“The challenge for the data journalism model across Europe is creating an European ProPublica,” said Jacopo Ottaviani at the International Journalism Festival.
During the panel ‘Pan-European approaches to data journalism’, Ottaviani presented ‘The Migrants’ Files‘, a project launched in August 2013 alongside a team of European journalists, including Nicolas Kayser-Bril, Daniele Grasso and Katerina Stavroula. The project was partially funded by the non-profit organisation Journalismfund.eu and it won the prestigious Datajournalism Award.
The Migrants’ Files came to life in order to provide data and analysis related to an important, but overlooked issue: the number of deaths of emigrants seeking asylum in Europe. “Knowing how many people die when trying to come to Europe is an information none of the bigger organisations wants to have,” said Kayser-Bril.
The data was collated from different sources, including the NGO network United for Intercultural Action and the blog Fortress Europe. A consistent “open-source intelligence” methodology was applied to it, which monitored real-time global news about asylum seekers, migration and human trafficking activities around Europe. Upon its completion, the project was simultaneously published in 12 countries around the world.
Another data-driven project developed by Ottaviani, Grasso, Stavruola and Sara Moreira in roughly six months is ‘Generation E‘, which focuses on European youth migration. “This topic was widely covered in Spain,” said Grasso, “but we tried to figure out how to give it another angle and tell a story that nobody had told.”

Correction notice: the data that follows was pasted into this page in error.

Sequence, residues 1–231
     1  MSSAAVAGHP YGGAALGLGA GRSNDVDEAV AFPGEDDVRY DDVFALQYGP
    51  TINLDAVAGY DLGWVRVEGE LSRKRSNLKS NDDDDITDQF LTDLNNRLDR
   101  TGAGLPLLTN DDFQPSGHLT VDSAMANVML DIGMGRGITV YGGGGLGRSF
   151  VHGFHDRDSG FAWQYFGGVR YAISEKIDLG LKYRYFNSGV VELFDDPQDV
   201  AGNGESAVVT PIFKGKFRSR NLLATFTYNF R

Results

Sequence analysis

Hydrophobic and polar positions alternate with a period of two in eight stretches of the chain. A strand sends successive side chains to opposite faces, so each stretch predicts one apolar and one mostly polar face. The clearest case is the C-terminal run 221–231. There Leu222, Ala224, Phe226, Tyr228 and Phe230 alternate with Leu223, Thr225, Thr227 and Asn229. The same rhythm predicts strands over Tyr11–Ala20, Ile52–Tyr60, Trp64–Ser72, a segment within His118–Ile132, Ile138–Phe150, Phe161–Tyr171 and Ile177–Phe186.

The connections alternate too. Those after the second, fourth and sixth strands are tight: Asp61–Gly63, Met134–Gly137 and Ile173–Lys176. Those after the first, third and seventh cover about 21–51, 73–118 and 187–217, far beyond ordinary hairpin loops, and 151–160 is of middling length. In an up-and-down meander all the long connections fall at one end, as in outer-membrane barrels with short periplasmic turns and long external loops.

Generation E uses survey crowdsourcing as a method of collating stories from Spanish, Italian, Portuguese and Greek expats. According to Ottaviani, one if its findings was that “people from developed countries prefer to consider themselves as expats, whereas those from south-European countries are migrants.”
“We wanted to find the common narrative in people leaving south European countries in order to go abroad,” added Grasso. Each of the team members contributed data from their own country to the project and one of the common goals was fighting out the cliché that emigrants are “lazy, south European people” badly perceived by both the country they are leaving and the one they are moving to. “It’s not just about migrants betraying their country, they are contributing to building a new society in Europe,” Ottaviani said.
Generation E succeeded in gathering more than 2,000 first-person stories of 20 to 40 year-old migrants. The survey consisted of questions about the reasons of their departure, their intentions of returning and their educational background.
“As a business model for the future, we would like such initiatives to be replicated every year, producing investigations or reports targeting politicians, the European Parliament or the national powers calling for an European reform,” concluded Ottaviani.
Note: This article was amended on 27/04 to reflect that Generation E has gathered more than 2,000 stories, not 200,000 of people between 20 and 40 years old, not 18 to 24 and that Sara Moreira was a contributor to Generation E, not The Migrants’ Files project.